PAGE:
Figure 6 shows the effects of varying angle between the two crossing fiber configurations. With an angle of 40° between the two fiber configurations, the correct peaks could not be properly identified. However, with an angle of 50°, they could still be reliably detected without isotropic PVEs, but any type of non-WM volume caused a decrease in the fraction of the correct peaks identified (Figure 6C). With higher angles, the correct peaks were identified correctly and without more bias than in pure WM (Figure 6A). The precision of the identified fiber orientations and the number of false peaks identified improved when the angle between the fiber configurations increased (Figures 6B,D).

FIGURE 6
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FIGURE 6. The effect of varying angle between the two crossing fiber configurations with 50% non-WM partial volume (CSF, GM and air) to bias (A), 95% confidence interval (CI) (B), and the number of correct (C) and false peaks (D) estimated with CSD (with up to eighth-order SH, diffusion weighting 3000 s/mm2, and SNR 30). For comparison, 100% WM measures are provided.

From real data, we estimated that 35.7% of WM voxels, defined to have at least 25% WM volume, had significant PVEs with non-WM tissue, also defined to be more than 25% VF. Lowering the non-WM tissue threshold to 10%, the proportion of WM voxels affected by PVEs increased to 46.8%. Of these voxels with non-WM PVEs, 96.0% were affected by PVEs with GM and 5.3% with CSF.

Figure 7 shows the fODFs estimated with CSD, using up to eight order SH, from real data overlaid on the WM tissue probability map of corona radiata extending towards cortical GM. The areas where WM interfaces with GM were affected both with CSD and super-resolved CSD. A large amount of voxels in the area had significant PVEs (gray-colored voxels), and perpendicular or spurious peaks appeared in the voxels with no apparent anatomical origin.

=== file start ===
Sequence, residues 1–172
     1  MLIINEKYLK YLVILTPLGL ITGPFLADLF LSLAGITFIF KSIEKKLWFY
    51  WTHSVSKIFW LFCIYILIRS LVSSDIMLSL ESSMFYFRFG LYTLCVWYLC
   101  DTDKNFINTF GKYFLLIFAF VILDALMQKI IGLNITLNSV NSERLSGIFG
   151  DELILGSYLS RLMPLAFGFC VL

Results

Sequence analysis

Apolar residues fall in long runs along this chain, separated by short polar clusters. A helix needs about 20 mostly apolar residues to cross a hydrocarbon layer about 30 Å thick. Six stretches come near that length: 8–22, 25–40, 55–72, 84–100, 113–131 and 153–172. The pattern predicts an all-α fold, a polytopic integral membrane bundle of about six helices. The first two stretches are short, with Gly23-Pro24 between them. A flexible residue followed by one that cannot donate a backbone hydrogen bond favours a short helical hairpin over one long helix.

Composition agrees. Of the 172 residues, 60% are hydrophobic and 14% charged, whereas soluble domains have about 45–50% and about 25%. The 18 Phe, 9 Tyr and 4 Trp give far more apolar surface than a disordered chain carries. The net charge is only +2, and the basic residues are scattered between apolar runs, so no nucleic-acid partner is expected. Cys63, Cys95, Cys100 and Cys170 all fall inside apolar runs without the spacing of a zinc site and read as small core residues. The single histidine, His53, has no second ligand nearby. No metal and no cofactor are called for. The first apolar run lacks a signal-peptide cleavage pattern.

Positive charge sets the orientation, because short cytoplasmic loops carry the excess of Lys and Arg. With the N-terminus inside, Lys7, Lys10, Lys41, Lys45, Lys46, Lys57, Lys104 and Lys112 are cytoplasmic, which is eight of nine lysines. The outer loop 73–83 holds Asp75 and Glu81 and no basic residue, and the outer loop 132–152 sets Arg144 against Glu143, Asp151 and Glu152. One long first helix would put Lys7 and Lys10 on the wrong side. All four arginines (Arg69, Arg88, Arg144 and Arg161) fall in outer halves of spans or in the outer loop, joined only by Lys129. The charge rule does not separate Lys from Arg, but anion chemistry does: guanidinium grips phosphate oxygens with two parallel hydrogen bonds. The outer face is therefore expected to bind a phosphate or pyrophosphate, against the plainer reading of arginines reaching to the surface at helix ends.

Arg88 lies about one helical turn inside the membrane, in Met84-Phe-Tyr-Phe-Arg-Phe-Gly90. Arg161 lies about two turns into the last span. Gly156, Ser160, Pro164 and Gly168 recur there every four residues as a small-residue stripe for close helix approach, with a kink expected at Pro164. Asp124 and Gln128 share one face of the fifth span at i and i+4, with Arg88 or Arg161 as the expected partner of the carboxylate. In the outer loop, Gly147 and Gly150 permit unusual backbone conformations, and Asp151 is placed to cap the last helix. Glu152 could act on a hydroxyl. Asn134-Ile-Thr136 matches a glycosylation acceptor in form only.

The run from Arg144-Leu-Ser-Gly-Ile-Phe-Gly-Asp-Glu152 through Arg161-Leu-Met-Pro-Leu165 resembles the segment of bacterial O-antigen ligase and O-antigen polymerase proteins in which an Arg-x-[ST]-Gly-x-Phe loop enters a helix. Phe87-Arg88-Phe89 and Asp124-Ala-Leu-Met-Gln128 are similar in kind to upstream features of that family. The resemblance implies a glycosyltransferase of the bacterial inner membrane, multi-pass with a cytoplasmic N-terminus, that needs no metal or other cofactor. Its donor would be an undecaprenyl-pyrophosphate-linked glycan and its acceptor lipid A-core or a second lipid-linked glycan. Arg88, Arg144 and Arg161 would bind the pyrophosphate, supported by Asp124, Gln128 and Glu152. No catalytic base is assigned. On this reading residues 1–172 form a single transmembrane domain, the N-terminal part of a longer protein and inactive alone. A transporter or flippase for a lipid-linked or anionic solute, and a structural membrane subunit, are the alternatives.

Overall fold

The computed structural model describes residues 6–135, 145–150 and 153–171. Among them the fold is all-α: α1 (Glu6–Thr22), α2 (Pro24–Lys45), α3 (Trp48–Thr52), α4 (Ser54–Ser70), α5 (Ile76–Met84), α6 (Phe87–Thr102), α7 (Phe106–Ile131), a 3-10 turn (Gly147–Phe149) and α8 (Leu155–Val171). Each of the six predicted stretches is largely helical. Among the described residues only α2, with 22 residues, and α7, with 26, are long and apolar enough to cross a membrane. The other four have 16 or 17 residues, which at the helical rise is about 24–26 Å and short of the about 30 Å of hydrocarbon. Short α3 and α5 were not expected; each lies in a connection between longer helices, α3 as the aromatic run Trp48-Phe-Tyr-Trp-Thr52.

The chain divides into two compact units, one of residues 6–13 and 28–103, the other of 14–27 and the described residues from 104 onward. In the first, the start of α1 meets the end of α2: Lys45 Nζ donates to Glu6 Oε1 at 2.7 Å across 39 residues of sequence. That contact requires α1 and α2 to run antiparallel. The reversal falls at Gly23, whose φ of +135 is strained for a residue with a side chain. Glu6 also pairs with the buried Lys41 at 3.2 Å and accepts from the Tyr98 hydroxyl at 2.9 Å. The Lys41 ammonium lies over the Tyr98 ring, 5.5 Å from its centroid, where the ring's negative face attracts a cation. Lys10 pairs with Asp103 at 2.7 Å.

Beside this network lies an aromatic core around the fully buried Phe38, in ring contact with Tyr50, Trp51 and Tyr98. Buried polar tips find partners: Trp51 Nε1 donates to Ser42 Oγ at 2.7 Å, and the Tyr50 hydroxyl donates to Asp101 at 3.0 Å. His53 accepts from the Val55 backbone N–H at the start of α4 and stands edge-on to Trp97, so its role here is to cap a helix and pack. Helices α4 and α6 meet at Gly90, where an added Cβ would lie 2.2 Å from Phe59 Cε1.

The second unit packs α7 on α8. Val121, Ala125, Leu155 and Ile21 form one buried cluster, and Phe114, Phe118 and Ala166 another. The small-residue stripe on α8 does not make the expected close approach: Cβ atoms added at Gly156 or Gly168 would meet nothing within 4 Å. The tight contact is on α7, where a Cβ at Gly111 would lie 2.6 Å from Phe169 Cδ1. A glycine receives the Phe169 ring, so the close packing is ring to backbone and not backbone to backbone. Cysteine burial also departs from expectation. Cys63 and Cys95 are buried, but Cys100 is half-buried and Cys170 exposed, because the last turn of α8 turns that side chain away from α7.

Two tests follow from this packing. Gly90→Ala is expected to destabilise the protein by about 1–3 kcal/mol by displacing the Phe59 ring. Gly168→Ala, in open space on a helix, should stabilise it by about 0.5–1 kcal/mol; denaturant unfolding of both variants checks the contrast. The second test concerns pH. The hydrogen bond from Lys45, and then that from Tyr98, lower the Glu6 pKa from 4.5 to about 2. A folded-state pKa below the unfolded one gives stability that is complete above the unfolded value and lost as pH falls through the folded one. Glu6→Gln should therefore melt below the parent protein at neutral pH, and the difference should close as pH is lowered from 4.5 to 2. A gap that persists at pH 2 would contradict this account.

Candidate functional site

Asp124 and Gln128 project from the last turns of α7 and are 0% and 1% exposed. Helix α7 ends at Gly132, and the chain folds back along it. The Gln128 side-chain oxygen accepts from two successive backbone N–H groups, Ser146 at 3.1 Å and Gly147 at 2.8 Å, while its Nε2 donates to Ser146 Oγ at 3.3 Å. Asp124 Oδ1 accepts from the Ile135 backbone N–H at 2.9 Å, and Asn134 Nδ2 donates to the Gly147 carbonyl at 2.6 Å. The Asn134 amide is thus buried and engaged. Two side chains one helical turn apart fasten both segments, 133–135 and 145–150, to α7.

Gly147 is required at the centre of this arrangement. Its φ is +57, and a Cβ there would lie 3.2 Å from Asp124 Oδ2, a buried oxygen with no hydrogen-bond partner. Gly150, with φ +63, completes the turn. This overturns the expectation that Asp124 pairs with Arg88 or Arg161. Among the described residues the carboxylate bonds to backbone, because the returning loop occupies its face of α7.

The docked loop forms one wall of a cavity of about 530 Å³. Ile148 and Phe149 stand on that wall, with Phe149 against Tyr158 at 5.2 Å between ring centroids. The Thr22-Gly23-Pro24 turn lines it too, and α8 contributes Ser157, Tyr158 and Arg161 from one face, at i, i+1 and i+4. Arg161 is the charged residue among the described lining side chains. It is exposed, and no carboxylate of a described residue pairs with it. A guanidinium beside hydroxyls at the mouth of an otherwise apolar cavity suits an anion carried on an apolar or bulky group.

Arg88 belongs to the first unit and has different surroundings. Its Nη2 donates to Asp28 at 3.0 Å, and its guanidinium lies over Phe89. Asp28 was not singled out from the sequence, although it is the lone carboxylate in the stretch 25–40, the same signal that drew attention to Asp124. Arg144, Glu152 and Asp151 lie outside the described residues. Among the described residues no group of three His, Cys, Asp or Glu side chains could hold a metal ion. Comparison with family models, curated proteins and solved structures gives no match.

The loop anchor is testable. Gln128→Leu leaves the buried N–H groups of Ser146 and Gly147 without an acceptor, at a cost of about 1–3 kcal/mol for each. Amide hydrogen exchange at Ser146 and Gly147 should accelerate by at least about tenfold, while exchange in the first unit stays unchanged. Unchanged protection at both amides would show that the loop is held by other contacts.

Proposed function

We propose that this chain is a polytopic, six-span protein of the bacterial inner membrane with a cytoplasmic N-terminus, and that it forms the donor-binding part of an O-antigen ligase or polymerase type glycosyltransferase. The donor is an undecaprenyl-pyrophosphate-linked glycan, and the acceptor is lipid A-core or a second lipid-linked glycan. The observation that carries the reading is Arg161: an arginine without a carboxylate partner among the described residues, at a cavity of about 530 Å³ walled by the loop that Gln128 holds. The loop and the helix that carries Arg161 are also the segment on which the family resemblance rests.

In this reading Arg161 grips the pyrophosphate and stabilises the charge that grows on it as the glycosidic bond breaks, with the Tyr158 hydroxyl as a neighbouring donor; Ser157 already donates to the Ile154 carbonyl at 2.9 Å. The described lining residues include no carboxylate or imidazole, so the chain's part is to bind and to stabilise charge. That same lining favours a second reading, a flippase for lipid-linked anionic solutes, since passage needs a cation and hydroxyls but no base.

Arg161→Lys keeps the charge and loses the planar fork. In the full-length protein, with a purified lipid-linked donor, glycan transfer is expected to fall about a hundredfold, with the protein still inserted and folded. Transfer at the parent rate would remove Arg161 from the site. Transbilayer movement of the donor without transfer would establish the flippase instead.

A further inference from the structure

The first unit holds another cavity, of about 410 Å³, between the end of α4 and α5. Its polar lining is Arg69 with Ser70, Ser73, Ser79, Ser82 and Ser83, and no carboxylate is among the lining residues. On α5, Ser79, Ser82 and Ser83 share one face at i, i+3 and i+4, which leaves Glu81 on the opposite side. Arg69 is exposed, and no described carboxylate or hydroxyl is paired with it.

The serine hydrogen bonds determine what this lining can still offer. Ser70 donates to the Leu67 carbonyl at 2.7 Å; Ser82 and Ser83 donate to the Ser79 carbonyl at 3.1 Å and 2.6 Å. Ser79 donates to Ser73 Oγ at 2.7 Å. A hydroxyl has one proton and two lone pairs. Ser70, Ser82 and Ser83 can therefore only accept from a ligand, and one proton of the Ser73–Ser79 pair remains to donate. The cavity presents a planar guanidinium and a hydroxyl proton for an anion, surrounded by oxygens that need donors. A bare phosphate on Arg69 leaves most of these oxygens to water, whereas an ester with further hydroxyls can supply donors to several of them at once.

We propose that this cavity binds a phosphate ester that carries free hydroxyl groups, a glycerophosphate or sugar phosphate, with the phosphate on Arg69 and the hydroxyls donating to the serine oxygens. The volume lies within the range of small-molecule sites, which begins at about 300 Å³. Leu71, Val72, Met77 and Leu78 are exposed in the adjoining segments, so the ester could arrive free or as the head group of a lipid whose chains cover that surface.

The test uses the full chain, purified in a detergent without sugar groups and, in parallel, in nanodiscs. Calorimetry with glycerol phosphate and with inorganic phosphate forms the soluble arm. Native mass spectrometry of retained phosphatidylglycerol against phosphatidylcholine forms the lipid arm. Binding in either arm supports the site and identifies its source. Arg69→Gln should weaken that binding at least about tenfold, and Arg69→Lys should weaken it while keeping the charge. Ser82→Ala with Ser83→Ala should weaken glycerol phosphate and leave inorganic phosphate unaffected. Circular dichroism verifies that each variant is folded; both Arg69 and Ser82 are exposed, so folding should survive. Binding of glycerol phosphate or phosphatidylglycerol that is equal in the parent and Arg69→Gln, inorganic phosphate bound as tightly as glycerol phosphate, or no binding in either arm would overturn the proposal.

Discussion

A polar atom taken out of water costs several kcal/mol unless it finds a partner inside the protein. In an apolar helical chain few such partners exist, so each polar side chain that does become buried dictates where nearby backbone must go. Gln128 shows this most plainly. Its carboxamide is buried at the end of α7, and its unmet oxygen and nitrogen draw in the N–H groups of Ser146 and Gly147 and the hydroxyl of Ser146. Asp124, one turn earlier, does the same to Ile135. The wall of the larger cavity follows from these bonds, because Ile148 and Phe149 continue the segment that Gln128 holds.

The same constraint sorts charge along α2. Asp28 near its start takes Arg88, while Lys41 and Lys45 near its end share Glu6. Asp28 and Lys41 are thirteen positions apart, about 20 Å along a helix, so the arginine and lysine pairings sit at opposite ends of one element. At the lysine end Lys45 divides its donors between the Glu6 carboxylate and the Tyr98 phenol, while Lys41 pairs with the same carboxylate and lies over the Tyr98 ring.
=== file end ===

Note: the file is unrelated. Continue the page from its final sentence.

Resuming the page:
FIGURE 7
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FIGURE 7. Illustration of the effects of isotropic non-WM PVEs with GM in superior corona radiata with real data. WM tissue probability map estimated from high-resolution anatomical MRI is visualized in the background, and fODFs estimated with CSD using up to eighth-order SH are overlaid.

Figure 8 shows the effect of CSF PVEs on the estimation of fODFs at the interface between the corpus callosum and CSF. Spurious orientations can be noticed, but they are much smaller in amplitude and the principal fiber orientation can still be clearly distinguished.

FIGURE 8
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FIGURE 8. Illustration of the effects of isotropic non-WM PVEs with CSF in corpus callosum with real data. WM tissue probability map estimated from high-resolution anatomical MRI is visualized in the background, and fODFs estimated with CSD using up to eighth-order SH are overlaid.

Discussion

We studied the effects of isotropic non-WM partial volume on the fiber orientations estimated with CSD and super-resolved CSD by performing extensive simulations and real data experiments. CSD is a widely used method and knowledge about the implications of non-WM PVEs should be augmented.